- Keep checking back on these local listing sites, or set up notifications to alert you when you receive a new review.
- Negative reviews
- No reviews
- Reviews from customers that didn’t actually use your business, used your business before you were the owner, or used a similar business and confused your business listing with theirs
You may have a lot of website traffic, but how is your bounce rate? Are your rankings struggling too? There may be some key components of SEO that your website is missing:
- Add Alt Tags to all images.
- Include a Page Title and Meta Description on every page.
- Optimize your URLs (be careful of site errors that this may cause!)
- Check for Site Errors like broken redirect links and server errors. There are a variety of resources online that can help you determine why your website might not be ranking as well as it should.
- Improve your website content. Add paragraphs and revamp text. There should be no duplicate content. Also, you should have many natural instances of your targeted keywords and related topics. This is where your previous understanding of good SEO tactics can really come into play.
- Spend time optimizing your website every month, because the fresher your content is, the more the search engines will trust it.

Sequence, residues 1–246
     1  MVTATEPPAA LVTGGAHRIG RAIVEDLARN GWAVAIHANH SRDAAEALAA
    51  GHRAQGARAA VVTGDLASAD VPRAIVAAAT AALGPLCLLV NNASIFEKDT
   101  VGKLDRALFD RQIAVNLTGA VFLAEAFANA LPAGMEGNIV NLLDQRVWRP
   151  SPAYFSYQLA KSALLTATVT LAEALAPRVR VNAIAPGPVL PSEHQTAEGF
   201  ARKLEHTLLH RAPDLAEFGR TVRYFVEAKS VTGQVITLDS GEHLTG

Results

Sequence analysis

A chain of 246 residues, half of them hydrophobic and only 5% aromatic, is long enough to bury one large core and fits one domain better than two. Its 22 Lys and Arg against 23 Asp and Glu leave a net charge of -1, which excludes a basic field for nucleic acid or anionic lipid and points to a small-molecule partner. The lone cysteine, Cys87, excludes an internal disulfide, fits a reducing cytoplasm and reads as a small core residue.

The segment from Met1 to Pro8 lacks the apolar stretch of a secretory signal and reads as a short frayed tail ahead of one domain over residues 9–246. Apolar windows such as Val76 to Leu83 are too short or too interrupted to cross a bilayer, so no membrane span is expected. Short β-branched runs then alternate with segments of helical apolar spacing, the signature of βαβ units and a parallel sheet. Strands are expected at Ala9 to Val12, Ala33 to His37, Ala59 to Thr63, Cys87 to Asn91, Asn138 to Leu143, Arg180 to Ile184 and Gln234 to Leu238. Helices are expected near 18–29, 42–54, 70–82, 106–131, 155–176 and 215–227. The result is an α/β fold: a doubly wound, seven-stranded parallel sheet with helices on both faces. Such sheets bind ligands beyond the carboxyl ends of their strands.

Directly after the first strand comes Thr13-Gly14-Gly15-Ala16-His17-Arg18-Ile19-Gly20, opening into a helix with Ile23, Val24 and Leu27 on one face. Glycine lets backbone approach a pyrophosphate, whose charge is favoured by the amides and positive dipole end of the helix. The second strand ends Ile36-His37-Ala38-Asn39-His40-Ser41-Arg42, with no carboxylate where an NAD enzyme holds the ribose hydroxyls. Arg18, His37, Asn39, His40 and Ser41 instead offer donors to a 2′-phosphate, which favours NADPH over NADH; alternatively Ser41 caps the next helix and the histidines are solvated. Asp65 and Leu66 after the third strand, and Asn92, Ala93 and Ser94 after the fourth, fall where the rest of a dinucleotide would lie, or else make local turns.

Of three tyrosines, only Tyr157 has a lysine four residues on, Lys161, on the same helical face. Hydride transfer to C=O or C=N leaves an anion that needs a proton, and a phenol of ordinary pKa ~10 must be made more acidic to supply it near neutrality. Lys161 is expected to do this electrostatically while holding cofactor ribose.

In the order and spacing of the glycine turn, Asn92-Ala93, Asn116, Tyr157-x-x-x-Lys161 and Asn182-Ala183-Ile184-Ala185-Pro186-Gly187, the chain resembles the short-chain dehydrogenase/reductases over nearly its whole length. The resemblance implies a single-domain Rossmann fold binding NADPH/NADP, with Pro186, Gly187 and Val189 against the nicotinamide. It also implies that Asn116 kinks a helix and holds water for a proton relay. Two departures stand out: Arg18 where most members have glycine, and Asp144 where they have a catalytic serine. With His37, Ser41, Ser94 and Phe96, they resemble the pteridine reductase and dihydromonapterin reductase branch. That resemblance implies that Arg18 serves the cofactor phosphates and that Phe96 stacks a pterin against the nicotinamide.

- Title Element/Meta Description too long/too short
SOCIAL AUDIT AND STRATEGY DEVELOPMENT:
To really develop your brand, you can turn to social media. There are a variety of platforms on which to reach potential customers and build a following, so make sure you have a strategy in place by implementing these steps:
- Set up your business page on Facebook, Foursquare, Google Plus, Twitter, Pinterest, Instagram, and YouTube, or as many of these sites as are applicable to your business. Make sure that your business information is correct on all.
- Pay attention to special circumstances that apply to service area businesses. You may want to hide your physical location or create targeted boards, pages, or streams that cater to the geographic areas you serve.
- Determine your company goals. Are you looking to gain brand awareness and exposure? Increase traffic to your physical location? Get more hits on your website? Develop a strategy that achieves these goals. Read this post to get some ideas of how you can use social media to benefit your business.
- Post regularly and stay apprised of the activity on your social pages. Use these as unwarranted outlets to gauge customer satisfaction, research and development, and general clues as to how your business is doing.
- Be sure to link all your social pages to your website and each other. Encourage website visitors to visit your business pages on social media and direct social followers to your website to build strong connections.
- Include high-quality graphics on all your social platforms.
- Duplicate social pages
- Negative interactions
- Losing touch with customers that are trying to interact with your business
DEVELOPING YOUR ONGOING STRATEGY:
We covered a lot of ground in this post, and there’s a lot more we could cover! SEO is an ever-changing field, but the best you can do is stay on top of your online presence, which will help ease your transitions through every phase of change. Don’t neglect your online exposure; take advantage of all the potential customers by staying in touch with them on your website, local listings, and social platforms.
Consult with your marketing team and decide what goals you can set for yourself in the near future. The internet is definitely an under-utilized tool when it comes to marketing and advertising.